August 11, 2012 – Praying for a Resolution

With all of the happenings that have been going on in the church and in current events it has been impossible to stay well informed on everything, much less to write about them.  One of the ones that I have been let sliding through the cracks is the mandate issued by the Vatican earlier this year to reform the Leadership Conference of Women Religious (LCWR).  This group was in the spotlight this past week as they held their annual assembly in St. Louis.  I heard some of the reports on local and national TV but still did not really feel inclined to dig into it further until one of the local reporters led her report with a statement something to this effect: “Many people feel that as the church continues to make its stances on social issues more intolerant, that more and more people are turning away from the church.”  I don’t think this was a statement from any of the women religious at the assembly.  I think this was a case of a reporter not checking facts and trying to come with a good catch line to make people listen.  Well, I listened, and my blood boiled.  But before I talk about why I had steam coming out of my ears, I thought I should look a little bit into the background of the LCWR and what this conflict with the Vatican is really all about.

The LCWR was founded in 1956, and according to its website, “assists its members to collaboratively carry out their service of leadership to further the mission of the Gospel.” The conference has more than 1500 members, whose congregations in 2011 included 46,451 (or 83%) of the 55,944 women religious in the United States. The membership of LCWR is confined to the women who are the superiors, or leaders, of their respective congregations; it is a consortium of executives rather than as an organization of representatives of religious women generally.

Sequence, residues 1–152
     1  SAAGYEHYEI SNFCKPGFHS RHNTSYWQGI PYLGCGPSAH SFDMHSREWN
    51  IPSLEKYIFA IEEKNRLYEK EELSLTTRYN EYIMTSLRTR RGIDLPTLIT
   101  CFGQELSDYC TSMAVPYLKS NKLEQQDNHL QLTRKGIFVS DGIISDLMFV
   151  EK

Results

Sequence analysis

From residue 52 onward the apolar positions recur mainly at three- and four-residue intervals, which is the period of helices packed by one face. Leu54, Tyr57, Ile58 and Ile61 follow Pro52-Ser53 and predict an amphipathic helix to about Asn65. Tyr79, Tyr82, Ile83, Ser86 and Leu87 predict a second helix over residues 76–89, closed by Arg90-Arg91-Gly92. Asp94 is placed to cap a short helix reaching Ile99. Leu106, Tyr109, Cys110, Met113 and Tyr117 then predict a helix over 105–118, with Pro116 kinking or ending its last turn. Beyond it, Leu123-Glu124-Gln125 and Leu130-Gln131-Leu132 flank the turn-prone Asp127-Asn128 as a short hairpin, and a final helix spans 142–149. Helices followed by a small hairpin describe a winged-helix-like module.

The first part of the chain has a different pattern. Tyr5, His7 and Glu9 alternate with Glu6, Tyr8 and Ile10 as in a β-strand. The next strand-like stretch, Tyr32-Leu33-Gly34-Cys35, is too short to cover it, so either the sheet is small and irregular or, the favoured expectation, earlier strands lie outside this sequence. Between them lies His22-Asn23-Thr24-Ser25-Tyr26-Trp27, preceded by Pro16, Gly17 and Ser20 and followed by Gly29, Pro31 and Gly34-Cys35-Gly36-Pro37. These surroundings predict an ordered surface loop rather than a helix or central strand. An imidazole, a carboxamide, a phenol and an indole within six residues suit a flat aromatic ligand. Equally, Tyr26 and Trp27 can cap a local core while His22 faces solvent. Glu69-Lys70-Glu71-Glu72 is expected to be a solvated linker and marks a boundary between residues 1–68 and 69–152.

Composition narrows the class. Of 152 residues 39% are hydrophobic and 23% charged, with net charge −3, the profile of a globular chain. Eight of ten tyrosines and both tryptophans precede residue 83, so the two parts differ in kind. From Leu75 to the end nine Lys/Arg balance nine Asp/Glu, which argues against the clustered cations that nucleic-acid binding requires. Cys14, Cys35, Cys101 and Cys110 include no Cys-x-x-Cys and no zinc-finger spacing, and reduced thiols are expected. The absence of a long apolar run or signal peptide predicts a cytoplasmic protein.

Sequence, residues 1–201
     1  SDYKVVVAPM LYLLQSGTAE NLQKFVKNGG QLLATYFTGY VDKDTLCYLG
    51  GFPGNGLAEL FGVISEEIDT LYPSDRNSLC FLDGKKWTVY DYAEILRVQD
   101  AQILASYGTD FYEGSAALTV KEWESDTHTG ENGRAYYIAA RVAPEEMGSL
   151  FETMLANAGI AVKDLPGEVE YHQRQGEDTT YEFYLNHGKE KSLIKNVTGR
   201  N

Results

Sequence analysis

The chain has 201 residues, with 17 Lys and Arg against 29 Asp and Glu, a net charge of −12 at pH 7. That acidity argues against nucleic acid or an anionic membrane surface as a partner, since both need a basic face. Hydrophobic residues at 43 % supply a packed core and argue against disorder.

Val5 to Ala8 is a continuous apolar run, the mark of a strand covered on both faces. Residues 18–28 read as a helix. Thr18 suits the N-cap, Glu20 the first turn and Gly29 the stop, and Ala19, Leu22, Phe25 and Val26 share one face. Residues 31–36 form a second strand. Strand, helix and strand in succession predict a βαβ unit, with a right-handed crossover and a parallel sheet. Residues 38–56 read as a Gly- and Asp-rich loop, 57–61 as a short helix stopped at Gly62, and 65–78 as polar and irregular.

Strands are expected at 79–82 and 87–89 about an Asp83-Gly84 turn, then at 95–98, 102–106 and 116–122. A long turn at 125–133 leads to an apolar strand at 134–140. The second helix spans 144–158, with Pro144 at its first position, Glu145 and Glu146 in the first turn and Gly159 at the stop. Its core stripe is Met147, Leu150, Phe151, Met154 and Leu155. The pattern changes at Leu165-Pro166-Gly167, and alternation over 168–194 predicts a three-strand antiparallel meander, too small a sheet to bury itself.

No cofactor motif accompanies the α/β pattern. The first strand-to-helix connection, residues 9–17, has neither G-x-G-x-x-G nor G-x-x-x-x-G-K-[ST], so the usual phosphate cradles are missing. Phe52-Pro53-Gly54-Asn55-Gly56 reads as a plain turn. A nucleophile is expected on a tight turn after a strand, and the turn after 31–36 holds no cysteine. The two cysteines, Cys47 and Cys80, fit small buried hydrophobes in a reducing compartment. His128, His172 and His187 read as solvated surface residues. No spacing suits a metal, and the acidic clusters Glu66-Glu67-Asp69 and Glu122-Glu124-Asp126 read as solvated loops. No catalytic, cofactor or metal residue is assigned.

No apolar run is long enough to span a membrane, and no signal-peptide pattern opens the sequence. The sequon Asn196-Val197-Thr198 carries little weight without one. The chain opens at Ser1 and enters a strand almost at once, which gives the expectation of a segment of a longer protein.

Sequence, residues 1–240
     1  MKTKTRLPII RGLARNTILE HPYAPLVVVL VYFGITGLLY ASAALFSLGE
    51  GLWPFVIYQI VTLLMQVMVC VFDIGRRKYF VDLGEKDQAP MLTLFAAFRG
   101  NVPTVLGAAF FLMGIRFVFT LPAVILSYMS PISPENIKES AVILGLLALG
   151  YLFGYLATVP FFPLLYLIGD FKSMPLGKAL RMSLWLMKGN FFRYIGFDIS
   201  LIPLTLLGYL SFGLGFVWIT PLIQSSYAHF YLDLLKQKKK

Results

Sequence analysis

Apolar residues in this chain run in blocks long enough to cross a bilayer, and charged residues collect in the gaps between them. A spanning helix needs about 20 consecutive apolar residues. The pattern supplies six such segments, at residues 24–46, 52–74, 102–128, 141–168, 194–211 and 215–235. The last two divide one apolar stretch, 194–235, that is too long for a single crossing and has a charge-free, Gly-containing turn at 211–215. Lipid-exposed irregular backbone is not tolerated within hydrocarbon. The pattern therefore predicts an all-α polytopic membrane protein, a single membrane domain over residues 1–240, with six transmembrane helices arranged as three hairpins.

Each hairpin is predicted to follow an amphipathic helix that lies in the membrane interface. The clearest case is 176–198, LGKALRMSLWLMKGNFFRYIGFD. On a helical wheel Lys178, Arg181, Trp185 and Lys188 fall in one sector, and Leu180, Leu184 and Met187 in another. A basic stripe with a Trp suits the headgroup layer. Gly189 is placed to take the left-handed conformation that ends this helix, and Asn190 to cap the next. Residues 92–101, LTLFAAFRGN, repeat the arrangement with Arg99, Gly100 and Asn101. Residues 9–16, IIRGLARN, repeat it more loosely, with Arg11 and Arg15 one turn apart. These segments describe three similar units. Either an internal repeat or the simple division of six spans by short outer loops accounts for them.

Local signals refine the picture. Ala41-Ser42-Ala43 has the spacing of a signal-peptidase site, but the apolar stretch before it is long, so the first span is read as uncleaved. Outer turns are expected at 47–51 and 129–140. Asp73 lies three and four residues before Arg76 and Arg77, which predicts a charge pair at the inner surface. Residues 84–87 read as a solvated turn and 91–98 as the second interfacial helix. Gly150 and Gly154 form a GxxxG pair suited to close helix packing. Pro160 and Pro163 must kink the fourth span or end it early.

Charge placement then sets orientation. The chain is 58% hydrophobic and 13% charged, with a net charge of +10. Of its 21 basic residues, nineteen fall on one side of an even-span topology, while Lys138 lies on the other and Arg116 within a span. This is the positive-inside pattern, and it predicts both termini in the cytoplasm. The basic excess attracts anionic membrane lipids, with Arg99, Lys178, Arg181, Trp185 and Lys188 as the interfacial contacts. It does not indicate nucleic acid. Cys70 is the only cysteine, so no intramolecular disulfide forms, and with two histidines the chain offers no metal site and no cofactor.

In 2009 the Vatican announced it would be conducting a doctrinal assessment of the LCWR because of concern about some of the content of the addresses given at their annual assemblies.  The findings of this assessment were released this past April, which indicated that the LCWR needed to make changes to reform its statutes, programs, and affiliations to conform more closely to “the teachings and discipline of the Church.” On June 3, 2012, the Congregation for the Doctrine of Faith headed by Cardinal William Levad expressed public disapproval of Sister Margaret Farley and her book, Just Love, which emphasized a toleration of homosexuality and feminism contrary to the Catholic teachings. In the statement, he maintained that Farley’s teachings were “in direct contradiction with Catholic teaching in the field of sexual morality”.  Levada further noted that such beliefs “pose grave harm” and counter the official teachings and moral tenets of the Roman Catholic Church while Farley maintained that such beliefs are in line with a modern type of Catholicism and should draw from various other religious traditions and secular perspectives tolerated during the Second Vatican Council.  After a June 12, 2012 meeting with representatives of the LCWR, Cardinal Levada expressed his fear that the lack of response to Vatican concerns by the LCWR was becoming like a “dialogue of the deaf”. He presented the possibility that if the LCWR did not accept the demanded reforms that they could be decertified to make way for a new organization that would take up their duties and be more responsive to the Vatican.